By James A. Kidney [Ed note: The New York Times plans to lay off hundreds of copy editors, a sign of financial pressure and a management strategy to beef up digital resources — they say. The Times also eliminated its Public Editor — the person who entertained reader complaints about reporting and posted occasional columns assessing the Times reporting, sometimes critically. In its place, the Times is offering up something called the Reader Center to receive comments on these changes. You can send your comment to email@example.com. Here is our comment (edited somewhat) sent to the executive editor through the Reader Center email site.] Dear Mr. Baquet, I am a nearly life-long subscriber to The Times (lately, the digital version), a former reporter (UPI, U.S. News) turned lawyer. I was married for 38 years to the late Sara Fritz, who I believe you knew from your LA Times days. So … Read more of this post . . .
By James A. Kidney There is a battle going on in Washington. No, not health care. Not Democrats and Republicans, either; at least, not the current crop. It is being fought at two corners of Constitution Avenue and 14th Street, N.W. It is a battle in which we all are winners. I am speaking of the “battle” between the newly energized Smithsonian National Museum of American History and the nine-month-old Smithsonian Museum of African-American History and Culture. Don’t let anyone tell you there is not competition among the Smithsonians in Washington. As a volunteer at both of the aforementioned, I can assure you that, although it is friendly, these museums across 14th Street from each other know they are competing. It is a grand contest. African-American opened last September with a speech from President Obama and has been pretty much packed ever since — deservedly so. It is a wonderful … Read more of this post . . .
By James A. Kidney I finally decided to buy a new car the other day. Wow, it is a cumbersome and annoying process. At the end, I was feeling helpless and victimized, and with no new car. Of course, as with everyone, I first went to the two dominant car dealerships — Regal and Demos. It was easy to get to them on Metro. They both have huge, bright dealerships on Pennsylvania Avenue between the White House and the Capitol. The salesmen are very cheerful and upbeat, except if you walk out the door without buying a car. Then you get some flak. But the dealerships seem to promise all you would ever want in a car. That was the promise, but not the reality. At Regal, there were only two colors — white and green. The green was full of special features — satellite radio and tv, and … Read more of this post . . .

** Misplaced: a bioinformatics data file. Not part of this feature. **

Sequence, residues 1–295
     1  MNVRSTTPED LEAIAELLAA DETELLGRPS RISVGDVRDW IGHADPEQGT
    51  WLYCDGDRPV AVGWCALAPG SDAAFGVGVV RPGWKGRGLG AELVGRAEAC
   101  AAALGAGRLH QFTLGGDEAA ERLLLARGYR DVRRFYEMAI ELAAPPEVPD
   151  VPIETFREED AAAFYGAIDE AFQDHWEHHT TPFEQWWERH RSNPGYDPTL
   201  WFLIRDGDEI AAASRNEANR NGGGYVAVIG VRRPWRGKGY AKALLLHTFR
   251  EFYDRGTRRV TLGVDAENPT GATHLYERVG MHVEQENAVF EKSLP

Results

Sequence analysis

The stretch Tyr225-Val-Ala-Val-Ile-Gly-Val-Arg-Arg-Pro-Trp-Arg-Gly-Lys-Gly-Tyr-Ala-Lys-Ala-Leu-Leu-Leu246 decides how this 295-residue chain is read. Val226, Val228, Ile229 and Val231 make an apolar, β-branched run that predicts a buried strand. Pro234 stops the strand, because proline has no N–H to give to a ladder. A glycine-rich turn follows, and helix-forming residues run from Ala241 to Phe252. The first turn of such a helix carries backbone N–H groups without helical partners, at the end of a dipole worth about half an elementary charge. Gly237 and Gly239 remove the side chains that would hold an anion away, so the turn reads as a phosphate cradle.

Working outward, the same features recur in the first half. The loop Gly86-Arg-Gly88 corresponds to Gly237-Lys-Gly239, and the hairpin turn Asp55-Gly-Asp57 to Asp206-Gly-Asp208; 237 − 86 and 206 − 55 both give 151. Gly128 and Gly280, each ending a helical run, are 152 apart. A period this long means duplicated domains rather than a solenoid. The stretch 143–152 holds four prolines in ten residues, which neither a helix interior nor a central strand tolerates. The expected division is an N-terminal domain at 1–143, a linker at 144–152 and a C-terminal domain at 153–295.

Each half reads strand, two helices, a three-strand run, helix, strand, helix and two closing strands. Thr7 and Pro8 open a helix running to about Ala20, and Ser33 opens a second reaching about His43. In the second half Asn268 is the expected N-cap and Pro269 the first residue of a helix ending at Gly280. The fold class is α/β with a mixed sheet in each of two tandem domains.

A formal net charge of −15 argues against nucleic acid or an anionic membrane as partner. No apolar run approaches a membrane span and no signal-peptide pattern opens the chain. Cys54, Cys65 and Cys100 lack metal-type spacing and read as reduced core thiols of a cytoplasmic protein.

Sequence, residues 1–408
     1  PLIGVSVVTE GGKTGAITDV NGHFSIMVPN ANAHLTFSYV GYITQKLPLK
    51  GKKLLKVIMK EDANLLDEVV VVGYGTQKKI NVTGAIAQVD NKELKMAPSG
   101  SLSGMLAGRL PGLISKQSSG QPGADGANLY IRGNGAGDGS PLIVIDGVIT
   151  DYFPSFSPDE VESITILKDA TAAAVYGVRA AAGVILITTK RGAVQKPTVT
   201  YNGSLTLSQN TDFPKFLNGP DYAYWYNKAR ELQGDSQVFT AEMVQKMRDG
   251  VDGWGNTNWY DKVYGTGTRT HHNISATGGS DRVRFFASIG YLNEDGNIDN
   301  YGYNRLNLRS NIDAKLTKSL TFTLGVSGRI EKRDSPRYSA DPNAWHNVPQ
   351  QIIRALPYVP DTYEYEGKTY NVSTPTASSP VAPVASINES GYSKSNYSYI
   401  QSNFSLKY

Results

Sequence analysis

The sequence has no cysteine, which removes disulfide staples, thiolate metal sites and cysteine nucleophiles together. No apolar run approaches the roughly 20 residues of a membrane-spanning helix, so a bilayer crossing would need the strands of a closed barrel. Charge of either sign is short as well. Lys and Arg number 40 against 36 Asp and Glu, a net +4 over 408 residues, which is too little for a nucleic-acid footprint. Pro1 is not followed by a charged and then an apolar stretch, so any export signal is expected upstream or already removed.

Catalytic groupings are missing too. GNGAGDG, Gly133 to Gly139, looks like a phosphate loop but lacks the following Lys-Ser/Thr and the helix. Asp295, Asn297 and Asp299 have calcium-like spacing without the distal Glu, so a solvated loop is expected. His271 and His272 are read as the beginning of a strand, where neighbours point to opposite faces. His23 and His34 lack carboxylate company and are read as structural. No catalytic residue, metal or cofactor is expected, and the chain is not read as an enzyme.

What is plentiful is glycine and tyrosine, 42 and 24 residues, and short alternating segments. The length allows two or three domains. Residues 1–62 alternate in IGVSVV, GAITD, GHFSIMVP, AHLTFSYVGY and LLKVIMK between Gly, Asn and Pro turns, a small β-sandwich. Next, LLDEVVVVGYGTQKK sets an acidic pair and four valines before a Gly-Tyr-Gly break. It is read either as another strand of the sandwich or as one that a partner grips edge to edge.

By James A. Kidney What if you needed a doctor and there was none? What if you suspected you had cancer, or suffered a stroke, or had a bad lingering cough, and your doctor could only see you in six or seven weeks? For many, whether you have a good insurance plan or no plan at all, this is the case now. A 2014 study reported the average wait time for an appointment with a family physician was 66 days in Boston, 23 in Seattle, 26 in New York and 19 in Houston. A combination of doctor shortage, overwork and low pay for Medicare and Medicaid patients is driving the growth of “concierge care” in which you pay an annual fee to guarantee you talk to a doctor when you need one. It is creating a multiple-tier system of care in which many physicians reject Medicare patients, or even all … Read more of this post . . .
By James A. Kidney “Govern” is a six letter word, but it is treated as a four letter word in Washington, D.C. A strong case can be made that there has been no governance on domestic issues since Newt Gingrich promoted the “contract with America” back in 1994, turning up the flames on political partisanship. It is certainly the case that neither party has done much to govern the nation domestically since Bill Clinton’s impeachment trial later in the ’90s. (Adding pharmaceutical benefits to Medicare and passing Obamacare, both of which had serious defects, are the two major exceptions.) Neither Democrats nor Republicans are interested in governing. Only in getting elected. Then the focus is on the next election. Republicans have proven this point for their party. They were in control of Congress beginning in January 2011. They criticized everything President Obama did or tried to do for six years, and … Read more of this post . . .
By James A. Kidney Presidential Rasputin Steve Bannon called for “deconstructing the administrative state” at a convention of those-who-used-to-be-known-as-Reagan-conservatives-but-are-now-just-Trump-nuts Thursday at the new MGM gambling palace in Maryland. “Deconstructing the administrative state” echoes Lenin after a couple bottles of vodka screaming in Red Square, or maybe just a long-haired 19-year-old outside the 1968 Democratic convention. It is both threatening and laughably cracked. The phrase probably is just a word pudding for the old Republican oligarch’s favorite book, A Treasury of Economic Nonsense, a political Kama Sutra coauthored during a fevered coupling of Ayn Rand and Milton Friedman. These are the erotic (to Republicans) positions that cause enthusiastic ejaculations by Paul Ryan – no taxes, no rules, no government, except to buy military equipment and to protect patents. Give Bannon credit for PR. “Deconstructing administrative excess” certainly is gentler sounding than “gutting the government.” Once you are accustomed to the … Read more of this post . . .